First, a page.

LISBON (Reuters) - Portugal does not need a large scale debt-reduction deal like Greece’s because its efforts to return to the markets are on track and its situation is fundamentally different, Prime Minister Pedro Passos Coelho said on Tuesday.
“We do not want to have a treatment and solution identical to Greece‘s. We are not asking for an equal deal,” Passos Coelho said in televised remarks on while on a visit to Cape Verde.
German Finance Minister Wolfgang Schaeuble, told a Eurogroup meeting on Monday that giving euro zone bailout recipients Portugal and Ireland the same conditions as Greece “would be a disastrous sign”.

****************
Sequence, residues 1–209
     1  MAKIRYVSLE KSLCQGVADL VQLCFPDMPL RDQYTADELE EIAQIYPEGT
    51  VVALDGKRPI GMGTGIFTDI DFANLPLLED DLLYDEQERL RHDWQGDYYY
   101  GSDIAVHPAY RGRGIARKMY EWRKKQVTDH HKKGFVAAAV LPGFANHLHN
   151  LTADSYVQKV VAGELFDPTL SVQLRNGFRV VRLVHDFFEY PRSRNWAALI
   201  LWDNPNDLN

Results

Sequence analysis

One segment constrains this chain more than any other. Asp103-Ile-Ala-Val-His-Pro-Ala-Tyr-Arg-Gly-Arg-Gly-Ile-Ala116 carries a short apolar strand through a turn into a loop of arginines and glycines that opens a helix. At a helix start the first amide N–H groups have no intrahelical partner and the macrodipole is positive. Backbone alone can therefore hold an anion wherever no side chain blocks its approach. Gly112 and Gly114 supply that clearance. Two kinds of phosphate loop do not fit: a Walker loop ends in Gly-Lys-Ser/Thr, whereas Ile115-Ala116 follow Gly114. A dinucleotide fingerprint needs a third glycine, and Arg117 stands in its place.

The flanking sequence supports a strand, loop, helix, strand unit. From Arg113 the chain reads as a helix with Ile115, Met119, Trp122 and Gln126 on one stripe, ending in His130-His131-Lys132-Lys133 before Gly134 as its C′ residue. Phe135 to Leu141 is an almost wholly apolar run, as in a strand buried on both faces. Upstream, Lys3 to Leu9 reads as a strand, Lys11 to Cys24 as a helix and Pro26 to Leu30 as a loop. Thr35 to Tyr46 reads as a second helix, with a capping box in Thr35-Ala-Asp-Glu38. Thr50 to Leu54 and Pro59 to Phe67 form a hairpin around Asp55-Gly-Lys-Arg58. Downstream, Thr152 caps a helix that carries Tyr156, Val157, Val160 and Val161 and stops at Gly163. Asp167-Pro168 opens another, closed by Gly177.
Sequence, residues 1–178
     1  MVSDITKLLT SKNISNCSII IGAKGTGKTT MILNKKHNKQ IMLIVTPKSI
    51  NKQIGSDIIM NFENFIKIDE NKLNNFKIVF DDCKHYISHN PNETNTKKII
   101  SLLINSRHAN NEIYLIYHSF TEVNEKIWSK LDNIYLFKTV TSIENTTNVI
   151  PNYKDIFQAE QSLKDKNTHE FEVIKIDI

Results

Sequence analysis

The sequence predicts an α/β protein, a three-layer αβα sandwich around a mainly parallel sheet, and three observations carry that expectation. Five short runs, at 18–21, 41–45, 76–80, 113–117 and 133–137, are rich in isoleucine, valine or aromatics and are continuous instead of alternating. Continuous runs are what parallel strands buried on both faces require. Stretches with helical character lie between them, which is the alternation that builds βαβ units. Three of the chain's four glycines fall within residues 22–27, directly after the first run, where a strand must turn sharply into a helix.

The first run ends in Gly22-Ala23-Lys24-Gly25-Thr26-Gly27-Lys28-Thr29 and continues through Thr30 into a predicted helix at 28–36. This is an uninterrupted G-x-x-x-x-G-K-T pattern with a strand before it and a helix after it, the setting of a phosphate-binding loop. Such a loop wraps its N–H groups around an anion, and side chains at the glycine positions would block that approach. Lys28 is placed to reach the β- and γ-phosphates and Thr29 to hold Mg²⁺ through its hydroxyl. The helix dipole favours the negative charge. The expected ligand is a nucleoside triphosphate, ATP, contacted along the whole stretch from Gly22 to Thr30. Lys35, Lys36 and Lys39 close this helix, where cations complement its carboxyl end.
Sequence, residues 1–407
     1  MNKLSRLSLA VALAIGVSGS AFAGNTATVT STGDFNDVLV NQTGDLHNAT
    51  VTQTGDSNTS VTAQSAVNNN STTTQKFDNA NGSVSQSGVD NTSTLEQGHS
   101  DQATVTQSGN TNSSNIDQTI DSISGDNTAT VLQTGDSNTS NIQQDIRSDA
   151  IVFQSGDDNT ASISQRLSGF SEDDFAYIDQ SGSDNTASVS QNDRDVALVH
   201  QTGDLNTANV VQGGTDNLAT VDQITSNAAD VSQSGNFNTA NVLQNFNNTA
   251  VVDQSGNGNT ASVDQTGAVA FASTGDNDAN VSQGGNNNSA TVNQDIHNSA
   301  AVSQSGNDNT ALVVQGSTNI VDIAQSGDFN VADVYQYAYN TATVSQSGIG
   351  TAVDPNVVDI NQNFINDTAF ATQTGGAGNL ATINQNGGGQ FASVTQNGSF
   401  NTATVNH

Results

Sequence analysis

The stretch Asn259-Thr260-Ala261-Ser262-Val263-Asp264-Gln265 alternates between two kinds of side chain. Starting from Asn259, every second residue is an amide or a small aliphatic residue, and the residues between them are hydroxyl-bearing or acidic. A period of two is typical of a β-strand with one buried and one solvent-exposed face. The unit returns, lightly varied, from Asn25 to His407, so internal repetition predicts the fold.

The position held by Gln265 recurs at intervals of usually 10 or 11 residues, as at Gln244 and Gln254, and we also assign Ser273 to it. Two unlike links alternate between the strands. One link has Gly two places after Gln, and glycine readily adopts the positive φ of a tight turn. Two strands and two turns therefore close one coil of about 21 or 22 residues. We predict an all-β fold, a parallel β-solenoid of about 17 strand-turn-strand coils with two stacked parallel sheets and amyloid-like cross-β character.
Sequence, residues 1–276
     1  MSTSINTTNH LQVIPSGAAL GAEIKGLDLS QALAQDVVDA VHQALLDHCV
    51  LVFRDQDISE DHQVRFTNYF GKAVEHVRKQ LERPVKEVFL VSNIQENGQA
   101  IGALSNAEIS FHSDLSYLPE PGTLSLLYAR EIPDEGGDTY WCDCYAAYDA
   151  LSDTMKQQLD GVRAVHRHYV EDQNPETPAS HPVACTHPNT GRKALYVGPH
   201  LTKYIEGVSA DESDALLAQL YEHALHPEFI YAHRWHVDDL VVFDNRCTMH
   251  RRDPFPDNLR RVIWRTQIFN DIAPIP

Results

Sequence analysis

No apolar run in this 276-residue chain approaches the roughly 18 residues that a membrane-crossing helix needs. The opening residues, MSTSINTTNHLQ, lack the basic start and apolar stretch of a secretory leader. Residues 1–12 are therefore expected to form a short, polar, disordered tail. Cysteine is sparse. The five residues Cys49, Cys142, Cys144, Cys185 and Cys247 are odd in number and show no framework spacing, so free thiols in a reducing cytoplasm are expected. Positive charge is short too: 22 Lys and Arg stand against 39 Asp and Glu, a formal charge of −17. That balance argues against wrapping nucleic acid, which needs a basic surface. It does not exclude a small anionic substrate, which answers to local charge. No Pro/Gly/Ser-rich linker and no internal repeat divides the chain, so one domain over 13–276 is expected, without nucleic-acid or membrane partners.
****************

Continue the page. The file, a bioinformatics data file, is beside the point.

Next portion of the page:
Portugal, under its 78-billion euro EU/IMF bailout program, will implement the largest tax increase in living memory next year as it seeks to regain investor confidence and return to the markets. The country is undergoing its worst recession since the 1970s.
“I would shy away from the comparison with Greece if I were another member state in the euro zone, because Greece is a unique case,” Schaeuble said.
Passos Coelho said Portugal’s return to the markets is being conducted gradually and this “is a reason for the Portuguese to be proud and hopeful”.
“Greece endured extremely difficult moments over a five-month negotiation which allowed for the disbursement of financial support. I do not wish for Portugal the same kind of negotiation,” he said.
Still, on Monday, ECB Executive Board member Joerg Asmussen said Portugal should not drag out its adjustment process unnecessarily as at a certain point reform fatigue sets in and hinders confidence.
Reporting by Daniel Alvarenga; Editing by Susan Fenton